We trust that our decision to accept our call is a decision to grow, to advance our spiritual life and even our personal life. This takes faith; faith in God's promise to us; faith which allows us to develop a deeper, thicker, richer relationship with God and with one another. Yet faith without works is dead. Faith is a verb, an action that requires work. We cannot let our faith sit there and do nothing.
God is calling to us, to do for others what Christ has taught us to do. To love one another; to stop judging and start accepting our differences, to put down the stones of violence and carry the cross of peace; to forgive the debts and trespasses of others; to put caring for the sick and the poor at the top of our priorities; to offer a seat around our dinner table to prostitutes, lawyers, and even the IRS; we are even called to forgive those who sink the nails into our flesh. This is the Good News of Jesus’ sacrifice, made on the cross, for the forgiveness of all. This is faith in action. This is why God is calling.
Tomorrow we celebrate the life and work of Dr. Martin Luther King, who paid the ultimate price to answer God’s call for justice and reform. While we remember all the work he did to advance civil rights, and to promote peacemaking in a country divided by war, let us not forget the nameless saints and countless sinners who also bravely said, “Here I am, Lord.” These are people like you and me, the broken and redeemed. We are the Body of Christ. Our Congregational forebears lead the way of social justice…will we keep their dream alive? Will we face our human insecurities and fears to take up our cross?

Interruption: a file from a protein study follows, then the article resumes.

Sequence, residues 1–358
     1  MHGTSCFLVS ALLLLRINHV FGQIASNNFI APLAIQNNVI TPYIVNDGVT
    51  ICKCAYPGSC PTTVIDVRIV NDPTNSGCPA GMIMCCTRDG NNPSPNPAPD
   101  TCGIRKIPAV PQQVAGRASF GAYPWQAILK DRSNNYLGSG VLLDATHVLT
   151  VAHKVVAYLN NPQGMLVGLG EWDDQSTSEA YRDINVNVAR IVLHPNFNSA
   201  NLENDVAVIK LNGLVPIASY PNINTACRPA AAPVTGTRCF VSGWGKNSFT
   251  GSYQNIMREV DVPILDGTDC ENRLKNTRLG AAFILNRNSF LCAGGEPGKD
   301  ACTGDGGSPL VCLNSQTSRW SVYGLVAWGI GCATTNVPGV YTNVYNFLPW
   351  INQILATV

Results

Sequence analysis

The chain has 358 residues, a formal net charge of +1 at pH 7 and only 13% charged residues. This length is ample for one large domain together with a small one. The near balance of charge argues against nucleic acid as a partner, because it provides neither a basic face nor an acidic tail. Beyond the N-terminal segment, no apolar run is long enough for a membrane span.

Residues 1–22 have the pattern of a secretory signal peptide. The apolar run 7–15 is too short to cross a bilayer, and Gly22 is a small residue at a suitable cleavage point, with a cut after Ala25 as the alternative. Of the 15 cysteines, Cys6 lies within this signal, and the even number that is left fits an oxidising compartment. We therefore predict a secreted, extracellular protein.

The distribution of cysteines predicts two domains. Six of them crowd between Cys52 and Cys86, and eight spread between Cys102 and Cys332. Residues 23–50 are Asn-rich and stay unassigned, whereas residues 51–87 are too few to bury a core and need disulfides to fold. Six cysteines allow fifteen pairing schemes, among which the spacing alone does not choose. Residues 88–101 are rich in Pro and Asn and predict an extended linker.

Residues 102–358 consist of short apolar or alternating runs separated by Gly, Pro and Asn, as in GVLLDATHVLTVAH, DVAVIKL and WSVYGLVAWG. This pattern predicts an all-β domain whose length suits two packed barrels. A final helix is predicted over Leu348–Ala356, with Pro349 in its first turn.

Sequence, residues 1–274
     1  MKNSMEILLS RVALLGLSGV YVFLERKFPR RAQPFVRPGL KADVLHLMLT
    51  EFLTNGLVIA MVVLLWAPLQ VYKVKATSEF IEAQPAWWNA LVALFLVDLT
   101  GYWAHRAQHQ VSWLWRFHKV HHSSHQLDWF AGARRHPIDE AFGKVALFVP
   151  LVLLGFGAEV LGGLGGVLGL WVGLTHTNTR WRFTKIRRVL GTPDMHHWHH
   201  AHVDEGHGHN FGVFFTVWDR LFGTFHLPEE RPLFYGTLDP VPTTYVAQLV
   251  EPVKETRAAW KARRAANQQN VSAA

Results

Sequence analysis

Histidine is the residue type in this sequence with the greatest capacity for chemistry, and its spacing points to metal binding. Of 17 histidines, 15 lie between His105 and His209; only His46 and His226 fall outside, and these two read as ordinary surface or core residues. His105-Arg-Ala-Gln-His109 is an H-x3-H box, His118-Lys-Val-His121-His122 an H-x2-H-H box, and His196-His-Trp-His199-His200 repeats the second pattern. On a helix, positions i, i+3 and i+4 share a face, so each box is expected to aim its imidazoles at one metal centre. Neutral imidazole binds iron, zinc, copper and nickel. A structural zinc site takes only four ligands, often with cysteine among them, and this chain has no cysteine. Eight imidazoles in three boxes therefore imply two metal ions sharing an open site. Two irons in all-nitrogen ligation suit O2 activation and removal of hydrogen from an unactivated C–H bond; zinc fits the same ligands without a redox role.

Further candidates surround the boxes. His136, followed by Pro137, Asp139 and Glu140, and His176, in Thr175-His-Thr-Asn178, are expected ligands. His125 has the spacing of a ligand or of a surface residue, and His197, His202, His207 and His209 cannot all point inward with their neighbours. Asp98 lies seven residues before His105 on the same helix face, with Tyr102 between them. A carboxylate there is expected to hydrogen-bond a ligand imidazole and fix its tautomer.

While this sounds scary even to me, I will leave you with this from the Book of Isaiah. “Fear not, for I am with you; do not be dismayed, for I am your God. I will strengthen you and help you;I will uphold you with my righteous right hand.” These statements “Fear not,” and “Be not afraid” appear in the Bible 365 times. You don’t have to be a tax collector to know that equals one for every day. So “Fear Not.” And "Be not afraid!" The Master is in our midst. Amen.
An ex-copywriter turned punk rock pastor and peacemaker who dedicates his life to making the world a better place for all humanity.
"that they all might be one" ~John 17:21
“Prius vita quam doctrina.”
~ St. Thomas Aquinas (1225–1274)
* “Life is more important than doctrine.”